It was late in the night on 13 January 2016 and everyone in the house was asleep, except me.
My mind was buzzing, thoughts swirling in my head about everything the next day was due to bring. In just a couple of hours, I would turn 18. No longer a child, I could drink legally, vote and – most importantly to me – have complete autonomy over my life.
In the dark, hiding under the bed covers, I typed out a Facebook status and came out as transgender and non-binary to all of my friends.
I wish I had taken a deep breath, decided what’s done was done and went to sleep. Instead, I panicked.
I had only confided in one friend about my transness, I hadn’t even mentioned it to my parents, who would see the status while scrolling their news feed in the morning, and I was all too aware of the anti-trans rhetoric in the UK, and throughout the world.
So despite being on the brink of adulthood, I ran to my mum and woke her up, my breath short and eyes flooding with tears. Through sobs, I explained what I had done.
‘Well, that was a bit silly, wasn’t it?’ she replied.
Those words, her words still etched into my mind more than four years later, made me doubt everything. Was I trans? What if it was all ‘just a phase’? Was I even queer at all?
I know now that all of these identities are intrinsic to who I am and what I’ve always been but in that moment of panic, I wasn’t sure.
Looking back, I wish I could reassure myself. I knew the moment I pressed send that I had made the correct decision to be true to myself, but such a life changing event made me doubt everything I knew.
I wish those thoughts hadn’t crept into my mind. Perhaps, if they hadn’t I wouldn’t have run to my mum crying because I would have been more sure of myself. I have always been trans, I’m simply being open about it.
I never had the language to understand myself until I was 16, and it was another two years before I felt comfortable to come out, announce different pronouns and change my name.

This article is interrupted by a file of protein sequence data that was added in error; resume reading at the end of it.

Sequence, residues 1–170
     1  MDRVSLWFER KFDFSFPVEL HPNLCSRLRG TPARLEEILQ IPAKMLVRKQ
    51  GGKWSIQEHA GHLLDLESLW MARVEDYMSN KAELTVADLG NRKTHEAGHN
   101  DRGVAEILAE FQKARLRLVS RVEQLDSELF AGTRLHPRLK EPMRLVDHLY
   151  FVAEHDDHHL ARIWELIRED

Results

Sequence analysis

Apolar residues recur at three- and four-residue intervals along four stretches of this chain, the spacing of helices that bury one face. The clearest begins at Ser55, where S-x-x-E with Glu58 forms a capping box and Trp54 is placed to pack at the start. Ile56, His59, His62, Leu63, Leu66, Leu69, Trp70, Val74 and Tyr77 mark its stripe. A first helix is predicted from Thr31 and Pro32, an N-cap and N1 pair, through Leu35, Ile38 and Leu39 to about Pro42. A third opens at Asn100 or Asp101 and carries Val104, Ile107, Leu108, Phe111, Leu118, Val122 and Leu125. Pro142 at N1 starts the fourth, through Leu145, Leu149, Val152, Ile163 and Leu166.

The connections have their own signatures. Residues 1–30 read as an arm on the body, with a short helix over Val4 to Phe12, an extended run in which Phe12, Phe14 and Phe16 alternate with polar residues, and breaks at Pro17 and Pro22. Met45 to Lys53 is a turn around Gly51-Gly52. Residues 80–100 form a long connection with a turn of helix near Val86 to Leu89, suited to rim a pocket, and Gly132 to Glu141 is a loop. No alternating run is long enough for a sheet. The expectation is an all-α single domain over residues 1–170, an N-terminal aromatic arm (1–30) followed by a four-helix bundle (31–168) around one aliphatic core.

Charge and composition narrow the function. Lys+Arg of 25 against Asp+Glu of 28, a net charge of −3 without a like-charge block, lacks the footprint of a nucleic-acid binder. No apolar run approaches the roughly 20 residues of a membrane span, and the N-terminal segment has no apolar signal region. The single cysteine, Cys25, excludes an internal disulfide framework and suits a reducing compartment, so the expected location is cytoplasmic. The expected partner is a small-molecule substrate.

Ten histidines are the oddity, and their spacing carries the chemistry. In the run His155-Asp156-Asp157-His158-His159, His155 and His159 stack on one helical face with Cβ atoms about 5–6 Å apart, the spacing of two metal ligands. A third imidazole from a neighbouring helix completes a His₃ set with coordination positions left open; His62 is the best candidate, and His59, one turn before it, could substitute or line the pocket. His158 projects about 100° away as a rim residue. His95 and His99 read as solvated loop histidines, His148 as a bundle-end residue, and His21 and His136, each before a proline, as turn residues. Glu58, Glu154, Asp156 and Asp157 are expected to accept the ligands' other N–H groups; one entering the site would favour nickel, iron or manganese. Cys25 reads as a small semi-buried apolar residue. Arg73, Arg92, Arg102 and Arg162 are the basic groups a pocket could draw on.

I’m now a vocal and political queer person. I’m proud to be part of the LGBTQ+ community and I’m comfortable and happy as a non-binary person.
I discovered myself thanks to social media, so it seems almost serendipitous to have come out as trans on Facebook
But, like it or not, that Facebook status has become a defining part of my transness.
It was a spur of the moment decision I made, knowing that I would be an adult the following day, and I massively regret not speaking to my parents about my identity beforehand; I believe it is one of the major reasons they still don’t accept me as trans.
My parents and brother are the only people who still use female pronouns for me and who still use my birth name.
Every time I see the news; Liz Truss’ regressive bill propositions, JK Rowling’s anti-trans views, the murder of black trans women; or every time someone misgenders me, every time my brother insists transness isn’t real, I’m 17, sat on my mum’s bed, her telling me that coming out was ‘silly’.
On the other hand, the reactions from my friends – both those who saw the status, the ones that heard through others – was almost exclusively positive. This is something I put down to the fact that people my age were the first to have constant access to the internet as a teenager.
I discovered myself thanks to social media, so it seems almost serendipitous to have come out as trans on Facebook.
By 2016, I had been using social media constantly for around half a decade. I learnt about sexual health on YouTube, learnt about LGBTQ+ identities on Tumblr, and saw openly queer people on Twitter.
Now, I see teenagers come out to parents through the latest queer trends on TikTok, and post selfies on Instagram proudly announcing their sexuality and gender.
I am so jealous of them, that they feel they can come out so openly and freely to all of their followers, not just a select group of Facebook friends.
But coming out on social media is not the end. I came out once on social media, but I come out constantly to people in real life.
I say I came out in a Facebook status, but being queer is a constant – as is coming out.
I wish I had known that. And I wish my parents accepted my transness. And, after all that, I wish I had just spoken to my family.
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